Tue, July 23

Chasing Moving Shadows: The decline of illegal immigration in Yavapai County

YAVAPAI COUNTY - The combination of economic dire straits and strong anti-illegal immigration laws has proven beneficial in some respects for local law enforcement, most notably because of a sharp slowdown in the number of undocumented immigrants booked into the jail.

Yavapai County Sheriff Scott Mascher, well aware that the number of undocumented aliens taken into custody and/or housed by his department has dropped by nearly two-thirds since 2008, cited the combined factors as a reason.

"The coyotes (human smugglers) realize that Yavapai County is a 287g county and we're actively enforcing," Mascher said. "Plus, I think that at one time we had a booming economy and lots of jobs that were filled by illegal immigrants."

YCSO is one of only 83 departments nationwide with 287g status, under which designated personnel receive training in immigration enforcement and have the legal ability to detain suspected illegal immigrants for ICE (Immigration and Customs Enforcement), which deports convicted illegal aliens after they have completed their jail or prison sentences.

In 2008, 1,109 illegal immigrants landed in the county jail at some point. By 2010, that number had fallen to 309 and, thus far in 2011, only 134 had been taken into county custody by mid-September, a number that would prorate out to fewer than 200 by year's end.

According to Mascher, the changes couldn't have come at a better time.

"From 2008 to now," he said, "our budget is approximately $3 million less. We've been short-handed and we place our public safety duties over enforcing federal laws. But we're doing the same things now as we were doing in 2008. In 2008, 20 percent of our jail population was illegal immigrants. Now it's in the single digits."

That decrease in population has had a side benefit, too. In the last fiscal year, Mascher said the department was able to rent bed space to federal authorities, to the tune of almost $2.5 million.

"The biggest thing we've been working on with the illegal immigrants is the narcotics," Mascher said. "That's what affects us here the most, the drugs going north and the cash going south."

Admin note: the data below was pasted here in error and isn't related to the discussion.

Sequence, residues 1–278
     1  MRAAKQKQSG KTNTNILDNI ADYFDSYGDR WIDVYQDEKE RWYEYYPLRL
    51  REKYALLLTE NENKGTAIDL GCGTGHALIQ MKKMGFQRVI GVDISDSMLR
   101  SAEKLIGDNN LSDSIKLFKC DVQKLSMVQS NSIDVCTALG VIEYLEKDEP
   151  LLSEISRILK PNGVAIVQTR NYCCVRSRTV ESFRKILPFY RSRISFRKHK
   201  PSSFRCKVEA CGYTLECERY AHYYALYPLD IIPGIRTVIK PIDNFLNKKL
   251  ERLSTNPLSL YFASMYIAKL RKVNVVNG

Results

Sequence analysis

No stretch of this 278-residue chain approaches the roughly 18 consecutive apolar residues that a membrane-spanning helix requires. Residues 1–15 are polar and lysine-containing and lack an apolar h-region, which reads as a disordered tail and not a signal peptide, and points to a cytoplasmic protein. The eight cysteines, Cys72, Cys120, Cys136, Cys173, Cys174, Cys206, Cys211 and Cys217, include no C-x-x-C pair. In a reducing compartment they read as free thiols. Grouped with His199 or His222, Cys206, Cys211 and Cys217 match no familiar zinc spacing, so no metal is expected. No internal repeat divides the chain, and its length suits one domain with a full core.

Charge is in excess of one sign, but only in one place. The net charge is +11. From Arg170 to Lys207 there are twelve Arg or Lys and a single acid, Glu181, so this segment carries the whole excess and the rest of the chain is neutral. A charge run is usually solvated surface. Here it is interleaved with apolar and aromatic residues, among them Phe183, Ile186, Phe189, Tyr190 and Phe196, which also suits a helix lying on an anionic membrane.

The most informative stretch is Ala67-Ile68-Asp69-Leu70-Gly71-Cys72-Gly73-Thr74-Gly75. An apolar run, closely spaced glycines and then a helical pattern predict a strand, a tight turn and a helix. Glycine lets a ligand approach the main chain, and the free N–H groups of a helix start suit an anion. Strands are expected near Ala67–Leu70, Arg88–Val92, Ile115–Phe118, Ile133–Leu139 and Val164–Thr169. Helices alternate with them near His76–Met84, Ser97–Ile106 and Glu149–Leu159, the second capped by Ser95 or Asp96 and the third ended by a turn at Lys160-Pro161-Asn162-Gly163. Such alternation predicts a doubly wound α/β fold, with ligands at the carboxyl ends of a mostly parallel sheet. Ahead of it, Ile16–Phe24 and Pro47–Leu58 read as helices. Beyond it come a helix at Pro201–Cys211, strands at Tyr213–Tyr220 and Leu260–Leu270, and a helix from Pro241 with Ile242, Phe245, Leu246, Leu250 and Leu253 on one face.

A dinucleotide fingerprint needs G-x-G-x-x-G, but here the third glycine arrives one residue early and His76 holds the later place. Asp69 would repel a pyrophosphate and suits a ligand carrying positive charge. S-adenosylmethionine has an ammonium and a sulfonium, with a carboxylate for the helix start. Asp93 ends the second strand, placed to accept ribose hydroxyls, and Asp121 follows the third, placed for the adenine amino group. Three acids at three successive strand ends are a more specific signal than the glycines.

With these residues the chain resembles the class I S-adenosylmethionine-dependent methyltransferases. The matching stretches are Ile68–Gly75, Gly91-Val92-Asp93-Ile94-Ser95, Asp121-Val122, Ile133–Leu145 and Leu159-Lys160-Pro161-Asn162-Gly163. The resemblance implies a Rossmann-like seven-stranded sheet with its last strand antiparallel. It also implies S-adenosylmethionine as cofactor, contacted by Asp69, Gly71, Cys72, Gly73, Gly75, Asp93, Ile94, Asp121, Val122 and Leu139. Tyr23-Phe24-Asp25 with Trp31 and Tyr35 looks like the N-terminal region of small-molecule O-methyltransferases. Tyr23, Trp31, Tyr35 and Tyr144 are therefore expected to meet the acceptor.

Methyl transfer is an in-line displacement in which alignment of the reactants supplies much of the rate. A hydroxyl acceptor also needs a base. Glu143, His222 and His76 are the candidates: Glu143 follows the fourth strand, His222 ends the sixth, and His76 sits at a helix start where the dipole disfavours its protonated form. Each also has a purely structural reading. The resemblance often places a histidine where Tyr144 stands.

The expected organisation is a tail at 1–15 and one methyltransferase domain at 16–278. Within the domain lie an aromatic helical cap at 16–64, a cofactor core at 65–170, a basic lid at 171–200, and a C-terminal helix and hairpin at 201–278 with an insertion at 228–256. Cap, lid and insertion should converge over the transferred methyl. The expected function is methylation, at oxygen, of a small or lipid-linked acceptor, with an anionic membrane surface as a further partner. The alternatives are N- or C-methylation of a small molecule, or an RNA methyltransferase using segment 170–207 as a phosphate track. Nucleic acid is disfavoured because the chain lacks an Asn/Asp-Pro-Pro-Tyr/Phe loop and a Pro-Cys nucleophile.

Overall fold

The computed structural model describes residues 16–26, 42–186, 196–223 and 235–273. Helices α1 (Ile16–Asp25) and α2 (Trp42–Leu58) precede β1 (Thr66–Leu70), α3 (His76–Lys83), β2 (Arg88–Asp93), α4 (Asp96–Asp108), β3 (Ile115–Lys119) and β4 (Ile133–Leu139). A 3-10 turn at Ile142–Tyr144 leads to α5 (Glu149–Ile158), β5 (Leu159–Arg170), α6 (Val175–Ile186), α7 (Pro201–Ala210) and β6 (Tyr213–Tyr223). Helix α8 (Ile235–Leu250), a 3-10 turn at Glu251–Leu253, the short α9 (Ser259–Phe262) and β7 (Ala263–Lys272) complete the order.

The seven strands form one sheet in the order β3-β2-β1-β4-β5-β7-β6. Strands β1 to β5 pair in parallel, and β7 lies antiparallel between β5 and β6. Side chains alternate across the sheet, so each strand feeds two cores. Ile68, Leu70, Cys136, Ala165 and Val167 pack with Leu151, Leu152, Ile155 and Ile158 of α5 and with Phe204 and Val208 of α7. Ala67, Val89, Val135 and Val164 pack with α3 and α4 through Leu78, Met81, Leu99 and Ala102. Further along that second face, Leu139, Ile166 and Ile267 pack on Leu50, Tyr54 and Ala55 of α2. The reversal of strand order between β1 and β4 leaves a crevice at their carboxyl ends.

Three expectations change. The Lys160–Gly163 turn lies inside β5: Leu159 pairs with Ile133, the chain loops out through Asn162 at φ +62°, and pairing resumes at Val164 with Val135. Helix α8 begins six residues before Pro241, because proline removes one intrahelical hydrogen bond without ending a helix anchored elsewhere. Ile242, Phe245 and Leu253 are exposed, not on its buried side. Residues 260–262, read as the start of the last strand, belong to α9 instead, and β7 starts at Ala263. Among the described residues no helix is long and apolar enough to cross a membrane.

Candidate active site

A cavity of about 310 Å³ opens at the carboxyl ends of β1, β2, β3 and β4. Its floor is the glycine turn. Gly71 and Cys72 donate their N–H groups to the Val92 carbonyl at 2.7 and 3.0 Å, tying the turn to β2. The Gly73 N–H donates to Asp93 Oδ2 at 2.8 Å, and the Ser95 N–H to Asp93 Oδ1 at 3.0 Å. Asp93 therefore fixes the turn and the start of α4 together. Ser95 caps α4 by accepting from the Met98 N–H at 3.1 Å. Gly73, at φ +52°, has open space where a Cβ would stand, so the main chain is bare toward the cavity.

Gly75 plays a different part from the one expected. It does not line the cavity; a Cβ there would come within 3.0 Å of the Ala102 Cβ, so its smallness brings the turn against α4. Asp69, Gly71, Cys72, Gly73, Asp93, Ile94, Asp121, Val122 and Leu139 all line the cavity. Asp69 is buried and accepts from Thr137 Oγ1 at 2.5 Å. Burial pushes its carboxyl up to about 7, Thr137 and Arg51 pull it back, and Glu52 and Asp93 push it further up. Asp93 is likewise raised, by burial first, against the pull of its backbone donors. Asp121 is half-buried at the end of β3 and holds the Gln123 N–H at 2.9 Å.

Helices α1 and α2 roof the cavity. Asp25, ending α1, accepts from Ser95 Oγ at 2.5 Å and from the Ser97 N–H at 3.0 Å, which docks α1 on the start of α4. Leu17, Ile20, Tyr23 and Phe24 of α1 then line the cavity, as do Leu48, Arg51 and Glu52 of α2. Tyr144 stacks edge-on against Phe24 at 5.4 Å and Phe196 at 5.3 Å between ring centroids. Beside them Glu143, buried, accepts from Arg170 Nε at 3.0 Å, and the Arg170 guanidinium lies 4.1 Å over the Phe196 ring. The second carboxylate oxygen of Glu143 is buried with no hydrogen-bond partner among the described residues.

YCSO has three 287g-trained officers, and they primarily work in the jail, where ICE can follow up on detainees whose immigration status is suspect.

Ed Preciado, ICE's deputy field officer for detention and removal in northern Arizona, said it makes fiscal sense for the officers in the cooperative program to be in the jail, where they can use available tools to identify detainees who are here illegally.

"Due to our limited resources, that's where we get the most bang for our buck," Preciado said. "If they get booked into the jail, they're going to get identified and through biometrics, specifically fingerprints. They can't just give us a name and a date of birth. Fingerprints don't lie."

As to the perceived decline in the amount of criminal activity on the part of illegal immigrants in northern Arizona, Preciado agrees it is so.

"We have seen a decrease," he said. "I think the word has gotten out to the smuggling community that this is not a place to come to and do business."

All things considered, Mascher believes the scarcity of crowds of men looking for day labor shows that illegal immigration to these parts is on the decline.

"We used to have a booming economy and lots of jobs that were filled by illegal immigrants," he said. "We used to have places where guys stood and waited for work in Ash Fork and Cornville but we just don't see that anymore. You add in the workplace enforcement and we just don't have the jobs we used to."

And the number of drug and human smugglers on the freeways has decreased, as well. Authorities believe the smugglers are consolidating their loads of drugs and/or immigrants in order to reduce their footprint on the roads.

"The troops are working hard and doing a great job," Mascher said. "I look at our K9 teams and they're making the same amount of stops as before and I ask them, where are the illegals? They tell me they're just not seeing them."

The same combination of factors has eased an aspect of the strain on the Adult Probation Department, according to Chief Billie Grobe.

"I suspect (the undocumented probationers) will probably leave (the country), and we'll see an increase in warrants," Grobe said in November 2007, anticipating the implementation of the Legal Arizona Workers Act.